Mark Inskip, Global CEO, Kantar Futures, takes issue with those who reject the Chief Growth Officer title. He argues that placing growth above the discipline of marketing, in fact, shows how important the discipline really is.
The surprise expressed in some quarters at Coca-Cola's decision to do away with the title of Chief Marketing Officer and put marketing responsibilities under the remit of the newly-created Chief Growth Officer is, frankly, surprising.
Growth is, after all, what companies need – and the business challenges of the 21st century, including the fact that we are now in a long-term period of slow growth, demand a new, holistic approach to how they achieve it.
That's what Coca-Cola is doing: creating a new CGO role which will encompass 'customer and commercial leadership as well as strategy', the company said in its announcement.
The idea that marketing is somehow being downgraded by coming under a CGO's control, rather than that of a CMO, is ridiculous. If anything, the switch represents a recognition of just how important marketing is.
A business model focused on a 'whole company' answer to the search for growth is a logical solution. It recognises the core challenge of growth and removes the outdated concept of the separation of the sales and marketing functions – that's not how consumers behave any more.
There aren't that many people with the title CGO around the globe yet, and in fact it doesn't even have its own entry in Wikipedia – but it's an idea, and a title, that has been around for a while.
Fast Company included it in its 'Job Titles of the Future' column as far back as 1997, and its earliest appearances seem to date from around the start of the 1990s. It has gained traction as a title in the last few years, however, as companies begin to recognise that the traditional solutions for gaining growth are no longer as effective as they once were.
Hershey introduced a CGO role back in 2011, Mondelez in 2014, then Colgate-Palmolive and ConAgra followed suit in 2015 (although Colgate-Palmolive now use the title Chief Operating Officer, Global Innovation & Growth).
Companies have realised that existing business models for driving growth are flawed:
- Stealing share, for example by pumping money into advertising and marketing, tends to be short-lived;
- Buying share – through mergers and acquisitions – is unreliable and also less effective as industries become more concentrated;
- Cutting prices may increase volume sales but hits margins;
- Incremental innovation is losing its impact.
Some companies have responded with an obsessive focus on cost control; but so far, the evidence suggests that while this may boost profits, it does not deliver business growth.
The real challenge is consumers; their attitudes to brands, services and products has changed and the way they consume has changed.
As categories mature, they become 'good enough', as far as most consumers are concerned. For brands, functional differentiation has narrowed, and digital media means price differentials in different markets are difficult to justify. FMCG companies are increasingly forced to negotiate with retailers for the right to be stocked, rather than being stocked because shoppers demand them.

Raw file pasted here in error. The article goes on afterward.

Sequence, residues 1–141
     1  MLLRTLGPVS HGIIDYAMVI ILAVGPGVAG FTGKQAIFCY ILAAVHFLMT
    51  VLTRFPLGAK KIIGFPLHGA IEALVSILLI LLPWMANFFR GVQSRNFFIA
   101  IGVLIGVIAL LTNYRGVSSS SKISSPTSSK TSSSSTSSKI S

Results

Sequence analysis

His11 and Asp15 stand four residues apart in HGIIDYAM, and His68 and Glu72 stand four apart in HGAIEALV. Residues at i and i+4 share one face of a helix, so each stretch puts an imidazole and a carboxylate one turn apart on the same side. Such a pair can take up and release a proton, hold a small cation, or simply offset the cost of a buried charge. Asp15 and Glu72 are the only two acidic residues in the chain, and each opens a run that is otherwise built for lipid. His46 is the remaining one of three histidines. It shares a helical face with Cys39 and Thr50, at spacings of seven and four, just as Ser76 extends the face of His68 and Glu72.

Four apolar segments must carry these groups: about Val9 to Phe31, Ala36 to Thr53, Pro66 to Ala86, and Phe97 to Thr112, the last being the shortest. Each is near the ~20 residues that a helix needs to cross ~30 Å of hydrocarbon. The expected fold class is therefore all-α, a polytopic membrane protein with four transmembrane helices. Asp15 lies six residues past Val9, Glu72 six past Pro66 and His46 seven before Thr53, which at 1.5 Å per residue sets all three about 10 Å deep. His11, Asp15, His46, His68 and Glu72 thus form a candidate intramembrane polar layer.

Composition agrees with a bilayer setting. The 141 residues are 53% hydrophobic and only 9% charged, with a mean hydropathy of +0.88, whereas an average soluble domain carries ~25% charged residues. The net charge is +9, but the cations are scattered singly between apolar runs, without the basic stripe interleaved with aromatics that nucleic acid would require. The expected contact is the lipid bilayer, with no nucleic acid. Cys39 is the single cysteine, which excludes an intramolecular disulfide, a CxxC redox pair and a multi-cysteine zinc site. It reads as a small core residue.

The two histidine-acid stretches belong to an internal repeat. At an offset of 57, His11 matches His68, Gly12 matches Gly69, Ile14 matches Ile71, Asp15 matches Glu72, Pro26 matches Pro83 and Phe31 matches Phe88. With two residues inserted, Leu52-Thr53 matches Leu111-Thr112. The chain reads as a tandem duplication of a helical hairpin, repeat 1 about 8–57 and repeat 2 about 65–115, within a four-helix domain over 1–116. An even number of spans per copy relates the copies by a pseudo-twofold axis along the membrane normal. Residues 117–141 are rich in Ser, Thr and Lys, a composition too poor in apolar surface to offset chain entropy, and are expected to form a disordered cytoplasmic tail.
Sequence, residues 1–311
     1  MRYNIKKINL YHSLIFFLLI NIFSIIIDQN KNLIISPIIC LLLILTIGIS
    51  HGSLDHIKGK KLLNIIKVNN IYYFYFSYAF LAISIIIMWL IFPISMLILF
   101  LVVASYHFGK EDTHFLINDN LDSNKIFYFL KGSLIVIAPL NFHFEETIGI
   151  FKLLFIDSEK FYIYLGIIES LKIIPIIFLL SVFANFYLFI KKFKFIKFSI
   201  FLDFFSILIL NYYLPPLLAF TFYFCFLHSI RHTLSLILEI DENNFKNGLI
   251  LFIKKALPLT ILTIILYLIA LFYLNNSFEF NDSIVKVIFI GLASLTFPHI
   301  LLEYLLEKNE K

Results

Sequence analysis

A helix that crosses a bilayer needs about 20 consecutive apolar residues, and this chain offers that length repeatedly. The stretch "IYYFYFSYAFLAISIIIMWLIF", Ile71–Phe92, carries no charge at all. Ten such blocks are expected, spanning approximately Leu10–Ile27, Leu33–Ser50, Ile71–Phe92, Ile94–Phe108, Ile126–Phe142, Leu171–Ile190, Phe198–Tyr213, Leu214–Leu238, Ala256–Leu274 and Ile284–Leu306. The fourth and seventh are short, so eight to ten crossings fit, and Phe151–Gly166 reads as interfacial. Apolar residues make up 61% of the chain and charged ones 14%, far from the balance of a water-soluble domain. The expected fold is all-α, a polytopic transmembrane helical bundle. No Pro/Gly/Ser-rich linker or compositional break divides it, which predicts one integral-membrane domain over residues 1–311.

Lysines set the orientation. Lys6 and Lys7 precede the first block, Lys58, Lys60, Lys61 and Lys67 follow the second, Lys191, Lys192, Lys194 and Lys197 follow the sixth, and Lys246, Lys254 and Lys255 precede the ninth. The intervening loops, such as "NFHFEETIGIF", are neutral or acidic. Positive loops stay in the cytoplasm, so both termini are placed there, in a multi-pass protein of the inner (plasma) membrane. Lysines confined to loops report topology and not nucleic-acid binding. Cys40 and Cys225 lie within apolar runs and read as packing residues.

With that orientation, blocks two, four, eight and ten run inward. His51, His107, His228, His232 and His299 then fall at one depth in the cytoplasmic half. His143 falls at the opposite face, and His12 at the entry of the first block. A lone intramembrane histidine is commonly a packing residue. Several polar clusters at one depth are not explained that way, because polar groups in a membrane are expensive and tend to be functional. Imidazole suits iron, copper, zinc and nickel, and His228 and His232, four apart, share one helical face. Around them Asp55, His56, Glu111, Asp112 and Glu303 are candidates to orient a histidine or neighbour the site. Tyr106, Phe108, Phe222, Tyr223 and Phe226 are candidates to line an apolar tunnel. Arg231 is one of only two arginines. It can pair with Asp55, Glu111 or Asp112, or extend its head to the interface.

The recession has starkly illuminated and even accelerated this trend, particularly in CPG grocery sectors. Brand loyalty has crashed. Shoppers have been conditioned to expect 'everyday low prices' and to look out for the deal on everything.
Plus, consumers are losing interest in having a huge range of choice – recent research from Kantar TNS found that if a yogurt buyer bought a new yogurt SKU every time they bought yogurt, it would take them 65 years to get through the entire category.
At the same time, retailers ruthlessly under-cut each other, stealing footfall from their rivals and expecting brands to pay for it. In the process, consumers have been taught to be promiscuous and shop around – so retailers are now trapped in a cycle of couponing and deals.
Brand value, as a share of total company value, is falling while advertising is becoming more automated and algorithm-driven. The traditional CMO role is getting squeezed by a powerful combination of economics, technology and changes in social values.
So we need a completely new approach to how companies are structured, how they operate and how they relate to the people they are trying to sell through – their channels – and to – their consumers. The company, from top directors down to the people on the factory floor, needs to be working together -- not pulling in opposite directions – in order to maximise growth.
That's not going to be easy; what needs to be changed is embedded in corporate structure, history and culture.
The objective is a corporate structure and company culture that drives the 'whole brain' thinking needed to win in tomorrow's world.